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Death penalty has no place

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Protesters carry placards in front of a courthouse in San Juan, Puerto Rico, where a jury was deliberating whether to give the death penalty to Edison Burgos for killing his girlfriend Madelyn Semidey Morales, a US Drug Enforcement Administration informant. Photograph: Reuters

Death penalty has no place

There is no right more sacred than the right to life,” United Nations High Commissioner for Human Rights Navi Pillay told a high-level panel on the death penalty in New York last July.

Pillay noted that an increasingly large number of UN member states had acknowledged that the death penalty undermined human dignity, and that its abolition – or at least a moratorium on its use – contributed to the enhancement and progressive development of human rights.

The death penalty, or capital punishment, constitutes the ultimate form of punishment: by taking the life of a person convicted of a crime.

Where the death penalty persists, conditions for those awaiting execution are often horrifying, leading to aggravated suffering.

Today, the World Coalition Against the Death Penalty and abolitionists around the world celebrate the 10th anniversary of World Day against the Death Penalty, a global initiative supported by the Office of the United Nations High Commissioner for Human Rights (OHCHR).

In Cambodia, both the OHCHR and the United Nations Office on Drugs and Crime (UNODC) welcome the Royal Government of Cambodia’s repeated stand against the use of capital punishment.

Cambodia has been at the forefront of abolishing the death penalty in Asia, in particular among ASEAN nations.

Cambodia is one of only two ASEAN countries (the other being the Philippines) to have abolished capital punishment.

It also has the longest continuous period of abolition, having banned the death penalty for all crimes since 1989.

This situation became formally entrenched in 1993 under Article 32 of the Cambodian Constitution, which explicitly forbids capital punishment.

In recent years, the Royal Government of Cambodia has repeatedly reaffirmed its commitment to the abolition of the death penalty by consistently voting, in 2007, 2008 and 2010, in favour of United Nations General Assembly resolutions on a moratorium on the use of the death penalty.

These resolutions also called for a restriction of the number of offences punishable by death; the publication of information on the use of the death penalty; respect for the international standards that provide safeguards guaranteeing the protection of those facing the death penalty; and a commitment not to re-introduce the death penalty once it is abolished.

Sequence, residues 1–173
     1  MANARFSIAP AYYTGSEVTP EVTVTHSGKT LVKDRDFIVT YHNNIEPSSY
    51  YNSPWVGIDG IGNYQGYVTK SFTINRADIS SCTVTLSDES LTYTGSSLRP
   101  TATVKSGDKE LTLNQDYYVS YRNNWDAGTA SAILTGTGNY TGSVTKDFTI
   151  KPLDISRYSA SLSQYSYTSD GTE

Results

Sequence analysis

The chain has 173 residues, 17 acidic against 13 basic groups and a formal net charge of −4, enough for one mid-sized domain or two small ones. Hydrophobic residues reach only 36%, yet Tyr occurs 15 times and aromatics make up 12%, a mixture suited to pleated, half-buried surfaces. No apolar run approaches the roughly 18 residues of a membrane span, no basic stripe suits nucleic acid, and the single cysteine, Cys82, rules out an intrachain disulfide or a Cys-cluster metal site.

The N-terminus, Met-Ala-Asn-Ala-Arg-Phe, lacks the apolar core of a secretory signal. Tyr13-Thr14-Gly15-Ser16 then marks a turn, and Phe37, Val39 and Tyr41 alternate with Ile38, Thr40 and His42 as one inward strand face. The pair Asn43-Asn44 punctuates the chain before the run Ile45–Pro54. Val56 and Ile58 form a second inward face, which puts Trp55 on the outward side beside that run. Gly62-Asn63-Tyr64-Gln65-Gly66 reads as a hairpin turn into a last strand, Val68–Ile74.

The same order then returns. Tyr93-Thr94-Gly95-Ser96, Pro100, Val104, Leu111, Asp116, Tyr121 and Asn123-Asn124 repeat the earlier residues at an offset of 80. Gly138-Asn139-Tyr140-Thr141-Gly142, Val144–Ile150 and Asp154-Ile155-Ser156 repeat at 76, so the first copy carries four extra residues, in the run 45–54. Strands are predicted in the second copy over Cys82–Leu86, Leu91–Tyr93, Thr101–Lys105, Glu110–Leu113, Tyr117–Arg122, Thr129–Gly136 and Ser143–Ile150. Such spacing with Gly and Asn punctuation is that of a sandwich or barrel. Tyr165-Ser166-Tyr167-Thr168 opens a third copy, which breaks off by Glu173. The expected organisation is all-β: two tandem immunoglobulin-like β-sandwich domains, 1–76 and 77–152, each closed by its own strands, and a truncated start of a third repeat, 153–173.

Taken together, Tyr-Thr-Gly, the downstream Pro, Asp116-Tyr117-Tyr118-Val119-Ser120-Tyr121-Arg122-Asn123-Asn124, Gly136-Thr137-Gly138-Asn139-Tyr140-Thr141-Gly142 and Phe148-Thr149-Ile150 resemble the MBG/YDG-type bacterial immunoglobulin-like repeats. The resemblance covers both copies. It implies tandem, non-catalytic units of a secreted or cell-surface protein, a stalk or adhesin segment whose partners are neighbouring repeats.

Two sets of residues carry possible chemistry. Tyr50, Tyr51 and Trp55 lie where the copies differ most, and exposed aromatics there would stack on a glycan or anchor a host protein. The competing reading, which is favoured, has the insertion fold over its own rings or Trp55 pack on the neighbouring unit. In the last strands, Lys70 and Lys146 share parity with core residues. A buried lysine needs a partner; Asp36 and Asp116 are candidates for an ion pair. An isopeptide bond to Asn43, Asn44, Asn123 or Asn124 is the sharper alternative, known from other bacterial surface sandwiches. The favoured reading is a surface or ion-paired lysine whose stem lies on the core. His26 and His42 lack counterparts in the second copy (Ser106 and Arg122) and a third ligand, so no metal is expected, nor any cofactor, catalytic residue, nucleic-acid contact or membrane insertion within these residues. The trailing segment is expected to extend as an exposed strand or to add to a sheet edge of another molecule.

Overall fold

In December this year, the UN General Assembly will vote on a fourth resolution on a moratorium on the death penalty.
Cambodia’s abolition of the death penalty is all the more laudable in light of the heinous crimes that were committed in the country during the Khmer Rouge period.

The sentencing by a Cambodian court of Kaing Guek Eav to life imprisonment for such serious crimes has reinforced the message that Cambodia has renounced the use of the death penalty in practice as well as in theory.

The great majority of countries in the world that have abolished the death penalty have also ratified the Second Optional Protocol to the International Covenant on Civil and Political Rights (ICCPR).

Ratification of this protocol, which aims to end capital punishment, sends a clear signal to the international community on this important human-rights issue.

It comes as no surprise, therefore, that several United Nations member states recommended that Cambodia ratify the Second Optional Protocol during Cambodia’s Universal Periodic Review in 2009 – a recommendation accepted by Cambodia, in another demonstration of the Kingdom’s stance on this issue.

“The right to life is the most fundamental of all human rights,” UN Secretary-General Ban Ki-moon remarked at the New York meeting, during which he encouraged all member states to follow a growing world-wide trend towards the abolition of the death penalty.

“It lies at the heart of international human rights law,” Ban Ki-moon continued.

“The taking of life is too absolute, too irreversible, for one human being to inflict it on another, even when backed by legal process.”

The Royal Government of Cambodia has already shown great leadership by becoming the first ASEAN member to ratify the Optional Protocol to the Convention against Torture (OPCAT).

In this important year, during which Cambodia holds the ASEAN chair, the Royal Government of Cambodia could demonstrate similar leadership on the issue of the death penalty by becoming the second ASEAN member, after the Philippines, to become a State party to the ICCPR Second Optional Protocol.

James Heenan is the representative of OHCHR in Cambodia and Olivier Lermet the country manager of UNODC.

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